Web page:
Published on September 20th, 2012 | by Alan Cross0
I’m Hardly a Bieber Fan, But…
…this story in the New Yorker about his manager, Scooter Braun, is fascinating for anyone interested in that side of the business.
When Scooter Braun, the manager of Justin Bieber and a stable of other pop stars, was growing up, his favorite comic-book hero was Superman. “I liked everything he stood for,” Braun, who is thirty-one, told me recently. He liked that Superman had been created by two Jewish men, which made him “the Jewish superhero.” Braun played basketball, and he dreamed of one day joining the supermen of the N.B.A.—the Magic Johnsons and the Michael Jordans. When it became clear that he didn’t have the talent to play professionally, he began to think about the entertainment industry. But there, too, not all lanes were open to him.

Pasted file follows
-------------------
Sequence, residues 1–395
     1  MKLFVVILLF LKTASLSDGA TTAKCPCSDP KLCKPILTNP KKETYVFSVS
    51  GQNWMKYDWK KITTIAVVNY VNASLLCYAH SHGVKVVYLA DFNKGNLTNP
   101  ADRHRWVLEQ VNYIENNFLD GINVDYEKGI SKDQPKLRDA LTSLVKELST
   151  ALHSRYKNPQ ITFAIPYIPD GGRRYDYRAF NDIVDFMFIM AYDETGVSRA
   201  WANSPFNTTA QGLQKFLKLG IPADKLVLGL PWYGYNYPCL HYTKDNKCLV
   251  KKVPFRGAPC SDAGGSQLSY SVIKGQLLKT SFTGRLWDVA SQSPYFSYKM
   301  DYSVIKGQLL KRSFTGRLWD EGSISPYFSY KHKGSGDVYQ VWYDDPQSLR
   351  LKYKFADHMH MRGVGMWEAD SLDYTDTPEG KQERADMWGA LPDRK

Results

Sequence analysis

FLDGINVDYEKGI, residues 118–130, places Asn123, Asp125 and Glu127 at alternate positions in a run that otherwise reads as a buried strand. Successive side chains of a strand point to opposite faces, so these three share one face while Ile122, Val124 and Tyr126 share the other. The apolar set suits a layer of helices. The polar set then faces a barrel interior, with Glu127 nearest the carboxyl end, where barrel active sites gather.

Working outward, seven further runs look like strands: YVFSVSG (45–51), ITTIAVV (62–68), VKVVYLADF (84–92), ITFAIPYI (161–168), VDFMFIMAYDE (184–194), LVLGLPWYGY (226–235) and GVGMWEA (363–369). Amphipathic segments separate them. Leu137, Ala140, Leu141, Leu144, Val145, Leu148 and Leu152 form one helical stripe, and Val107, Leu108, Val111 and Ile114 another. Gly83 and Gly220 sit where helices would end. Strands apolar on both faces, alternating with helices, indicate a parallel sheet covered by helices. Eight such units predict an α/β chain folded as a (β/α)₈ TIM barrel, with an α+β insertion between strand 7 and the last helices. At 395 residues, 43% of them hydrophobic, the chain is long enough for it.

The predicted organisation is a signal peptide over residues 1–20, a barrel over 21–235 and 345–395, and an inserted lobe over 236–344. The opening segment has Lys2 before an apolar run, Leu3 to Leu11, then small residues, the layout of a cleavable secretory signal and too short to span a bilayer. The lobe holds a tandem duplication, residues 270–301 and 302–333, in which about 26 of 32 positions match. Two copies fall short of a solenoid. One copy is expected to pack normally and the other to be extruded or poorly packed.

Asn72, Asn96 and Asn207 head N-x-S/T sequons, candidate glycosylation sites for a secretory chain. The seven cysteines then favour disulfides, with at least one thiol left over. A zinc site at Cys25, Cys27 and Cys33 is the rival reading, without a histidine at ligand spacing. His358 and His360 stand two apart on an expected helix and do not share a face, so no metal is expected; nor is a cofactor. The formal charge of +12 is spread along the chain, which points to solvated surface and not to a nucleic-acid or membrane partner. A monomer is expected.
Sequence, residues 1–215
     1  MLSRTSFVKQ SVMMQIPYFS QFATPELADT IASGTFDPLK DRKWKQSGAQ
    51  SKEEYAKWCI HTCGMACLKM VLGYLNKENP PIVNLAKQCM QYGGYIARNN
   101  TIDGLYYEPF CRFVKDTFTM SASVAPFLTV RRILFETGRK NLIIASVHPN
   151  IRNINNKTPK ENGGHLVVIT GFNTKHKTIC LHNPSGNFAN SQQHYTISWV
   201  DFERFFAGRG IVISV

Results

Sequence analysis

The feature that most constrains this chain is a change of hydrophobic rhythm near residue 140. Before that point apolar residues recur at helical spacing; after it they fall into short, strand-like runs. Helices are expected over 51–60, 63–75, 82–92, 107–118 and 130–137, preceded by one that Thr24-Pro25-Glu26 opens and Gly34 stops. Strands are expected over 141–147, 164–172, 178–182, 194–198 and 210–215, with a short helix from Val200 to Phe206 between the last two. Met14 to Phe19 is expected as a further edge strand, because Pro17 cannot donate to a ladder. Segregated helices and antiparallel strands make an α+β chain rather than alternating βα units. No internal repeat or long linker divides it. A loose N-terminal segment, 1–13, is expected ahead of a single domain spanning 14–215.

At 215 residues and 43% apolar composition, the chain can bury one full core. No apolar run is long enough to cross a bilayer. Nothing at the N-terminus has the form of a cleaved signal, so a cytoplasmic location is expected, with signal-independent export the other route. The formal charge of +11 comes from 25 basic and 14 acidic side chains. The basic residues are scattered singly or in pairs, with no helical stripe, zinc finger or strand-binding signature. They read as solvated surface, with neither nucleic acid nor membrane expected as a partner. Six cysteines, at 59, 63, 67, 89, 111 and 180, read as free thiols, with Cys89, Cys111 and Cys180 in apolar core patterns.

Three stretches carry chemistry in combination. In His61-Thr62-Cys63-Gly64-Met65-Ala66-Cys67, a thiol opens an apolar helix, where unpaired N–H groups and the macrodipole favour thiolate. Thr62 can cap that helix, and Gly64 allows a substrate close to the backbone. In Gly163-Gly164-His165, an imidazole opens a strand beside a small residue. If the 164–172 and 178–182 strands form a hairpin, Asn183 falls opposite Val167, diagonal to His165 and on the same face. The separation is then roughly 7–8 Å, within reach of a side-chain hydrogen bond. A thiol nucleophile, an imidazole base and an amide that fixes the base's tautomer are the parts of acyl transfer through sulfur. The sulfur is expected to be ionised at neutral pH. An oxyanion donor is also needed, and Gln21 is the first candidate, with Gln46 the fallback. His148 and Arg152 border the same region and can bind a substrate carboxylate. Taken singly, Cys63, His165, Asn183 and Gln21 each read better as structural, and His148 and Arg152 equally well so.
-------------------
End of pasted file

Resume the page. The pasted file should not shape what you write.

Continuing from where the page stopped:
“Justin Bieber was born with the Superman powers,” Braun said. “He could sing, he could dance, he could play instruments. I wasn’t born with those gifts, so I had to become a different kind of superhero.” Braun studied the careers of influential behind-the-scenes guys, especially David Geffen, who moved from the William Morris mailroom to the music business and eventually co-founded DreamWorks. “David Geffen was a Bruce Wayne to me,” Braun said. “He was extraordinary, but at the same time his talents were something that I could dream of and could fathom. I’m a normal Joe. But, with a lot of effort, I’ve got a shot at being Bruce Wayne.”
Meanwhile, I quote this from Popbitch:
Justin Bieber likes to play a little game with men in his entourage – a game which involves him taking swipes at their crotches if they leave them unguarded.
Most of them have got pretty good at blocking now, but Siva from The Wanted got a nasty shock recently when the two acts were hanging out.
Biebs jabbed him full on in the cock. Bieber’s manager, Scooter Braun, suggested Siva return fire; saying the reciprocal ball-punch was “fair game”.
Siva clenched his fist. Then Bieber suddenly lost his sense of fun.
“No”, he said “It’s not.”